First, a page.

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Rage (1999)

Main image of Rage (1999)
35mm, colour, 97 mins
DirectorNewton Aduaka
Production CompanyGranite Filmworks
ProducerNewton Aduaka
 Maria Elena L'Abbate
Written byNewton Aduaka
PhotographyCarlos Arango

Fraser Ayres (Jamie, 'Rage'); Shaun Parkes (Godwin, 'G'); John Pickard (Thomas, 'T'); Alison Rose (Rage's mother Ellen); Shango Baku (Marcus)

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'Rage' is an angry, mixed race youth, living in a working-class area of South London. He and two other young men attempt a burglary in order to gain the money necessary to finance a record they wish to make.

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Rage (d. Newton Aduaka, 2000) was hyped as a violent hip hop style urban movie. It turned out instead to be a sensitive, downbeat and unglamorous portrayal of two working-class black boys and their middle-class white friend on the threshold of adulthood.

Jamie (Fraser Ayres) is a gifted rapper, convulsed by a burning, low-level anger which occasionally explodes - hence the 'Rage' nickname. He is in a line of alienated black male characters beginning with Horace Ové's Pressure (1975) and including Franco Rosso's Babylon (1980). However, Jamie's mixed-race background sets him apart from these antecedents, and this is given a further twist by neatly placing him alongside his two fellow crew members - his black childhood friend 'G' (Shaun Parkes), and 'T' (John Pickard), a white middle-class wannabe.

The Brixton based homeboys are in search of a record deal, which will make or break them. As manhood beckons all are at a critical turning point in their lives. Rage is the most driven; for him the music is all. In music he can find himself - outside of it, South London remains an alienating urban jungle. Rage also has identity problems - is he black or white? In a highly tribal youth culture, his white mother's childhood reassurances that he is neither - just a unique individual - are no longer enough. He badly misses his dead father. Marcus (Shango Baku), a thoughtful old Rasta, becomes a reluctant mentor. Rage indulges Marcus's ganja habit, storing up danger for himself by scoring Marcus' drugs on credit from ruthless local dealer Pin (Wale Ojo).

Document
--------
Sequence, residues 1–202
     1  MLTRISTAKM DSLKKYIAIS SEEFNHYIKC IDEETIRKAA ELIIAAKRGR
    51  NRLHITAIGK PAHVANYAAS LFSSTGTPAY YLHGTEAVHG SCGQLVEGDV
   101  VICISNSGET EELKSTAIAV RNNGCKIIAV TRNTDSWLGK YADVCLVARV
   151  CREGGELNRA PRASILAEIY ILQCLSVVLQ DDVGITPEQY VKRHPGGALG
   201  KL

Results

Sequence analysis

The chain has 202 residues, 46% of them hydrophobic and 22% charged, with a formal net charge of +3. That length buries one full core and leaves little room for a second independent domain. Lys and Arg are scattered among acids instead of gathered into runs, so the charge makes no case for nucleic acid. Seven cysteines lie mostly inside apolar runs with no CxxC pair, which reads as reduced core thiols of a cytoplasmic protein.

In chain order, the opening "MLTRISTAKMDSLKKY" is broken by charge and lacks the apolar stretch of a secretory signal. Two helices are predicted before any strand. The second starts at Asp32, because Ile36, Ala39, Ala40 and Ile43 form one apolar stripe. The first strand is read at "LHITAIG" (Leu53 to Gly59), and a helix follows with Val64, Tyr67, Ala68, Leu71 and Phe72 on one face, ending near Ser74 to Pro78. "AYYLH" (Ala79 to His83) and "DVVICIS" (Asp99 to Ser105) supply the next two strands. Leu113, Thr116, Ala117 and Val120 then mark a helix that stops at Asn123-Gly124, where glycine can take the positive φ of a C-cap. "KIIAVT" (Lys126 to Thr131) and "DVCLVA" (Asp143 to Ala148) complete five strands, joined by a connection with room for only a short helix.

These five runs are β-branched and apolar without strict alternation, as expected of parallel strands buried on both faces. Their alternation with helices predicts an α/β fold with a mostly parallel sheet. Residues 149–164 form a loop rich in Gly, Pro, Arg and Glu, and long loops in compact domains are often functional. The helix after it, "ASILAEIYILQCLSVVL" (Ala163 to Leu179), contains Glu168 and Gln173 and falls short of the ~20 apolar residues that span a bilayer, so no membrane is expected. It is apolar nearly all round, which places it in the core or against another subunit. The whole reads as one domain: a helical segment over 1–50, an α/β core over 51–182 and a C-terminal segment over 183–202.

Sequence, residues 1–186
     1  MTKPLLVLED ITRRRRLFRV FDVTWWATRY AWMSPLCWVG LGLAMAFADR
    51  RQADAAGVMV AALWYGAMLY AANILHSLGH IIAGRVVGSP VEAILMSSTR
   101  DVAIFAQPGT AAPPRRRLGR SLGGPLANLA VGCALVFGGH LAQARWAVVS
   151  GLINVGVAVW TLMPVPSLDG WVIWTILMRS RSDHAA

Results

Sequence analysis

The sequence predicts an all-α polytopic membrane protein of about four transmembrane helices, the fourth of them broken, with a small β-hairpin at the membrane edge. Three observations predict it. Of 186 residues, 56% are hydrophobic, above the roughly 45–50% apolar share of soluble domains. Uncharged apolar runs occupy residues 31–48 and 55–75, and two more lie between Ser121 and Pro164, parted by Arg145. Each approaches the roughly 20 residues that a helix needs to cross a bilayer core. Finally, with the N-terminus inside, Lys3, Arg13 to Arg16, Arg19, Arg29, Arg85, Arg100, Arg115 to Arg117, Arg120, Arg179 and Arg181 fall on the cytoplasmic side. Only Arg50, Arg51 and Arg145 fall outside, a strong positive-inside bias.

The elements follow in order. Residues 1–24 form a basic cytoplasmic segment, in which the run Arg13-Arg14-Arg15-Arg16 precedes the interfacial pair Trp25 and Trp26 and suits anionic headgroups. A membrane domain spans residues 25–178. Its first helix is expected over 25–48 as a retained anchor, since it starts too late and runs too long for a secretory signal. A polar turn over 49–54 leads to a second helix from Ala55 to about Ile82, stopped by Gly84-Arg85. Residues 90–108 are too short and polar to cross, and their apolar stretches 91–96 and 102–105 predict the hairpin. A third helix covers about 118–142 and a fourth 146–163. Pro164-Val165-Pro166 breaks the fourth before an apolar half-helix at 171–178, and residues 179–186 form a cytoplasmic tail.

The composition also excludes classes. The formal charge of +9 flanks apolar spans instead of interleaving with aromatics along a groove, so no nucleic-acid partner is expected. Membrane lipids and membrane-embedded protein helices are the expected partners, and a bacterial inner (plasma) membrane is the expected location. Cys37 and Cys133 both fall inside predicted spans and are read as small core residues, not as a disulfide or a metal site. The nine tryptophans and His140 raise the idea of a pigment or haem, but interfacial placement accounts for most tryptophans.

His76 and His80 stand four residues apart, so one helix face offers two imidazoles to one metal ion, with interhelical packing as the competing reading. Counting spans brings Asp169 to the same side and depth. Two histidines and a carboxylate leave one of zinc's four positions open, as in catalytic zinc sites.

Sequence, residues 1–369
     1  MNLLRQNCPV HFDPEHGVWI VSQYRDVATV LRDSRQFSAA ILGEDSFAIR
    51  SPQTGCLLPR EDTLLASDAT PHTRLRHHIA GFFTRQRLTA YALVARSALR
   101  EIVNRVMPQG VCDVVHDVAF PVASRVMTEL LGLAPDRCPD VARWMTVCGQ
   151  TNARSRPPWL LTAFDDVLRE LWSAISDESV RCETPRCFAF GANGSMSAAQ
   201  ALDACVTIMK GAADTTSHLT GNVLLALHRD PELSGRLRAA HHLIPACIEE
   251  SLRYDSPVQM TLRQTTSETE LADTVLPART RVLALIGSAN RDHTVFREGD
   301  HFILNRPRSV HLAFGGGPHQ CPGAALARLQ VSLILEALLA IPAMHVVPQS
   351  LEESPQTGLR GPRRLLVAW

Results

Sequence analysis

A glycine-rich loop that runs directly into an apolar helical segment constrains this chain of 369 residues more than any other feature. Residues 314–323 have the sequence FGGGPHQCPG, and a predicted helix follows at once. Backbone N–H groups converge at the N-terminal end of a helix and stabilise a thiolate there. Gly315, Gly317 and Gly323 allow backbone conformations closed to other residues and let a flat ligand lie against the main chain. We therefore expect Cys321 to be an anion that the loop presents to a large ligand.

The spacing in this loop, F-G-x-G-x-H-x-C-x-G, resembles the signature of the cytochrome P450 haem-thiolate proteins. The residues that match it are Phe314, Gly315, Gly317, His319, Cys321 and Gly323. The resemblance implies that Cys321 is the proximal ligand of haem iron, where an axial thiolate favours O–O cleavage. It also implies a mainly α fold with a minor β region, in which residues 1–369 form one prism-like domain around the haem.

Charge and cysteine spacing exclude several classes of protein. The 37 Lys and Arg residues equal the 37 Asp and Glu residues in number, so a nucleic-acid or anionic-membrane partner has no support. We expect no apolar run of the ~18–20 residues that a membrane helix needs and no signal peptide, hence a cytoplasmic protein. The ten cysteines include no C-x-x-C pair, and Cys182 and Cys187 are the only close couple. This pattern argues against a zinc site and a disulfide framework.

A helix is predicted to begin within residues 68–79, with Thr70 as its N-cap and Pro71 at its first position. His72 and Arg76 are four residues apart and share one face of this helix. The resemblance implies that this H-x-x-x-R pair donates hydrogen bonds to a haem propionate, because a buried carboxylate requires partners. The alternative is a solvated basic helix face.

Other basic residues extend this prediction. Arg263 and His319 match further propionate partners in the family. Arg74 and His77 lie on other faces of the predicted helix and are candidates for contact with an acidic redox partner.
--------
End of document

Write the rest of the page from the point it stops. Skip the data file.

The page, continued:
Troubled by money problems and determined to cut his own record, Rage leads his friends, particularly the reluctant G, on a drastic course of action. The inevitable disaster, humiliation and violence Rage, G and Marcus suffer from the police and Pin spins Rage out of control. His erratic ravings and violence finally drive G and T away. As the bonds of childhood break, each man is left to ponder his own true desire, his position in England at the end of the 20th century. And to choose a destiny.

The quiet lyrical resolution finds Rage coming to terms with himself. As his friends (the symbolic black and white aspects of his personality) drift off into their own orbit, Rage evolves beyond the clichéd 'tragic mulatto', of his earlier incarnation. He is becoming his own unique creation.

Onyekachi Wambu

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Aduaka, Newton (1966-)
Black British Film
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